The Wrath and The Dawn
by Renée Ahdieh
A The Wrath and The Dawn Novel (#1)
Published by G.P. Putnam’s Sons Books for Young Readers
on May 12th, 2015
Genres: Young Adult, Fantasy, Retelling
One Life to One Dawn.
In a land ruled by a murderous boy-king, each dawn brings heartache to a new family. Khalid, the eighteen-year-old Caliph of Khorasan, is a monster. Each night he takes a new bride only to have a silk cord wrapped around her throat come morning. When sixteen-year-old Shahrzad’s dearest friend falls victim to Khalid, Shahrzad vows vengeance and volunteers to be his next bride. Shahrzad is determined not only to stay alive, but to end the caliph’s reign of terror once and for all.
Night after night, Shahrzad beguiles Khalid, weaving stories that enchant, ensuring her survival, though she knows each dawn could be her last. But something she never expected begins to happen: Khalid is nothing like what she’d imagined him to be. This monster is a boy with a tormented heart. Incredibly, Shahrzad finds herself falling in love. How is this possible? It’s an unforgivable betrayal. Still, Shahrzad has come to understand all is not as it seems in this palace of marble and stone. She resolves to uncover whatever secrets lurk and, despite her love, be ready to take Khalid’s life as retribution for the many lives he’s stolen. Can their love survive this world of stories and secrets?
Inspired by A Thousand and One Nights, The Wrath and the Dawn is a sumptuous and enthralling read from beginning to end.
Exciting & Unique
First of all, I’m not a huge fan of retellings I prefer uniqueness over everything else, but after I read Cinder on December I wanted to know if the others where well worth a reading.
That’s how I ended up buying The Wrath and The Dawn, a retelling of Arabian Nights.
If you haven’t read or don’t remember Arabian Nights. This is the important stuff about it. The anonymous story is about a girl with a funny and awfully complicated name who has recently married the ruler of her country; a cruel Emperor who is known for killing his wives. Said girl doesn’t’ want to get killed, so she finds a way to catch the interest of the Emperor. Every time the Emperor comes to her at night she tells him a story so exciting and long that when the night is over the Emperor can kill her because he wants to know what happens in the story next.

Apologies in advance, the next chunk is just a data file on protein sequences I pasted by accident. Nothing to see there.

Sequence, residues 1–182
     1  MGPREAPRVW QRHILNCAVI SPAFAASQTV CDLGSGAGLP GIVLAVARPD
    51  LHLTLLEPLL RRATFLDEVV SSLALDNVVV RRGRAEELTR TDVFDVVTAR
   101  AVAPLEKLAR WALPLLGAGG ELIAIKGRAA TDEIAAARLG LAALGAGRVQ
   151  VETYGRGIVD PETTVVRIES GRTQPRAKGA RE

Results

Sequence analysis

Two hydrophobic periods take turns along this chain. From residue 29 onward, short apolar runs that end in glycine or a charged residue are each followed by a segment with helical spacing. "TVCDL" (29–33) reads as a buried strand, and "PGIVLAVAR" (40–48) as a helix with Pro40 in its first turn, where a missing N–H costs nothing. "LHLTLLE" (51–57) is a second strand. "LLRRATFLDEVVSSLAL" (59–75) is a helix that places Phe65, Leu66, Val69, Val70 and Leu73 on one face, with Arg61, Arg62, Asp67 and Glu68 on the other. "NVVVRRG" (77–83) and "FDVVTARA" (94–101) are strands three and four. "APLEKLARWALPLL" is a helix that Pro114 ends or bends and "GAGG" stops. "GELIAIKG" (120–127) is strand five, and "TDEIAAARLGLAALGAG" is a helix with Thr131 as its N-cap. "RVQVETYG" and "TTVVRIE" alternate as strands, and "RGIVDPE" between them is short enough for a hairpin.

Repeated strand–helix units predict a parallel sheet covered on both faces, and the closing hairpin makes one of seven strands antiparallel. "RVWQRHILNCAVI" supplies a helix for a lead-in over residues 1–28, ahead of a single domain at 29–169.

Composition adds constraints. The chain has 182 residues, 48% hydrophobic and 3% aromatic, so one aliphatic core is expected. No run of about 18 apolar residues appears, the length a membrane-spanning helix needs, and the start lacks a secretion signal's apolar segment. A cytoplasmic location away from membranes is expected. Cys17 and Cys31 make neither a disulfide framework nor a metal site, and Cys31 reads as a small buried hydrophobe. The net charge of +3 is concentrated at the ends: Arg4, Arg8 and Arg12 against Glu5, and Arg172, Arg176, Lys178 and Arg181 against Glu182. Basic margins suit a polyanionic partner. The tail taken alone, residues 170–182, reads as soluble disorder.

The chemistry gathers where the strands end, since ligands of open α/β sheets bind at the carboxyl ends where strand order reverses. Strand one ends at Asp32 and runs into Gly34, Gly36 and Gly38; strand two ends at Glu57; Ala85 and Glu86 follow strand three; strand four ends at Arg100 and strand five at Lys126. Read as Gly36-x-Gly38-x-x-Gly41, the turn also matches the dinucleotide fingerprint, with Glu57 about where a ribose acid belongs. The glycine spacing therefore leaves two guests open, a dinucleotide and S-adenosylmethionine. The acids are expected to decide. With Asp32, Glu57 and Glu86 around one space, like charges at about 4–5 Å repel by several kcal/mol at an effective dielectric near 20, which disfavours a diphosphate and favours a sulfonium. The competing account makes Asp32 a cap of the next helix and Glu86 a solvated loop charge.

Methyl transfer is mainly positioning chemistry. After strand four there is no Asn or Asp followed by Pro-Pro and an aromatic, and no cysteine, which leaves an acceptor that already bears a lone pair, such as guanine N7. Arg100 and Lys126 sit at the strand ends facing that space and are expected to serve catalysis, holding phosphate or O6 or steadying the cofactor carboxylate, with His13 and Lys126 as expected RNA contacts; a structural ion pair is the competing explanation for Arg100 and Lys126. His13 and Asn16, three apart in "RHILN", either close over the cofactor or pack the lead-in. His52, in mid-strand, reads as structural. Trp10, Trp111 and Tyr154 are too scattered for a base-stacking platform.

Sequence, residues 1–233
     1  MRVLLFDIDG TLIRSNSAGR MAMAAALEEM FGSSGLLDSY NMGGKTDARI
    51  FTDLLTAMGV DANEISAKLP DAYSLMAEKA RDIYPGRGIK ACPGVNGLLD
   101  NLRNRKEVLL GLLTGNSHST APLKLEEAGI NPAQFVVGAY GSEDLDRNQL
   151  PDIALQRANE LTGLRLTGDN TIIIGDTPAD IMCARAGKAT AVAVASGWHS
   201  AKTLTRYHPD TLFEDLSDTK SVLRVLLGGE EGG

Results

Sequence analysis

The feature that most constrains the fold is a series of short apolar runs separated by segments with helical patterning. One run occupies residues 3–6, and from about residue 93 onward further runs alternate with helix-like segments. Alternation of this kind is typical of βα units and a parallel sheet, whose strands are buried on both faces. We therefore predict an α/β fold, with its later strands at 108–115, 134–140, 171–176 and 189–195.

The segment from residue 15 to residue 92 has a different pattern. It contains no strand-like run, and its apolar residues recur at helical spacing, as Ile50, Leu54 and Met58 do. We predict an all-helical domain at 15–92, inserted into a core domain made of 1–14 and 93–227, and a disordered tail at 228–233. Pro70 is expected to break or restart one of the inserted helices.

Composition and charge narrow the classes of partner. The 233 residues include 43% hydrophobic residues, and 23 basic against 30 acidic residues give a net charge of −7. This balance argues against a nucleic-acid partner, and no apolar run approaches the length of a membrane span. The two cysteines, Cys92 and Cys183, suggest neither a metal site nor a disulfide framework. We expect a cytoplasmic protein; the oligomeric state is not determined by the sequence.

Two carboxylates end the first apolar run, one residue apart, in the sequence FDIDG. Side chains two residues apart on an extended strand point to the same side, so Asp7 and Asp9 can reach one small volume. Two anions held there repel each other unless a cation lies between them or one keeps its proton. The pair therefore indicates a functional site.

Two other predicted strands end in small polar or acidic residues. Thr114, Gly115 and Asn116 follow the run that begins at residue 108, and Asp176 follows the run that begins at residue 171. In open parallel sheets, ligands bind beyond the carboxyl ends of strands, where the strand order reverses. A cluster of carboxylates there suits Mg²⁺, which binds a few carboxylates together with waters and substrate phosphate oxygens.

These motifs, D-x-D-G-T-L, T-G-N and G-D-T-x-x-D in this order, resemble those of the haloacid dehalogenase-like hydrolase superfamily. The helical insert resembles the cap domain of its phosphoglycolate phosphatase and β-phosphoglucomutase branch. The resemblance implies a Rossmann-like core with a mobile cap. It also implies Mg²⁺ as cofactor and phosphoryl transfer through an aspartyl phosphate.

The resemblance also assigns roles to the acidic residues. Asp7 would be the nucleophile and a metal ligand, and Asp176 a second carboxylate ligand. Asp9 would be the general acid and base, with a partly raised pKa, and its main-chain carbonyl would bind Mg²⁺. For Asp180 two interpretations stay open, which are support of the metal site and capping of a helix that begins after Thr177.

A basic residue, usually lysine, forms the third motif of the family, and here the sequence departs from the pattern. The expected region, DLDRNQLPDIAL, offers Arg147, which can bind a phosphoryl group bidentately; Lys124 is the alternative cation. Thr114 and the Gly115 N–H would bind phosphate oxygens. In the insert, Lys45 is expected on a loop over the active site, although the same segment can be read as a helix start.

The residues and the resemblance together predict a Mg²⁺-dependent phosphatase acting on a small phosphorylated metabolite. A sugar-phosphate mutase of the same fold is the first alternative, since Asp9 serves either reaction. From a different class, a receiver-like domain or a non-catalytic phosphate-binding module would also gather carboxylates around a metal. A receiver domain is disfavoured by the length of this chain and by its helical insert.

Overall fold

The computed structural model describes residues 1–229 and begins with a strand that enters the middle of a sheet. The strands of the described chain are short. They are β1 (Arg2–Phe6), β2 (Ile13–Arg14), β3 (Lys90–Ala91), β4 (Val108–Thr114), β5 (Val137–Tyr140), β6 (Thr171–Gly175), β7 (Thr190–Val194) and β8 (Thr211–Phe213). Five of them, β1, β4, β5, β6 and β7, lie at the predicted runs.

I didn’t remember very well Arabian Nights and the exact plot by the time I started reading The Wrath and The Dawn so I don’t know how similar are the stories.
This is why I can honestly say about Renée Ahdieh’s work
Sixteen years old Shahrzad is moved by revenge when she volunteers to married the Young Caliph of Khorasan. An eighteen years old boy who has been killing each one of his bride at dawn by executing them. But for her plan to works she has to win Khalid’s trust first. And that’s something you can do in a single night. So yeah, as in the original story she narrates stories to Khalid to catch his interest.
But with each passing day she sees a new sight of Khalid, a sight you would never believe exists in a man who carries so many deaths on his shoulders.
Ahdieh’s twist of magic was exactly what her book needed to be exciting and unique. That and her well-developed characters where what makes this book a must read.
On the other hand, I sincerely think that it wasn’t necessary to divide the story in TWO books. TW&TD was full of exciting scenes and great quotes. And that makes me think if Renée Ahdieh could do a good job to reach the expectations her first book has created.
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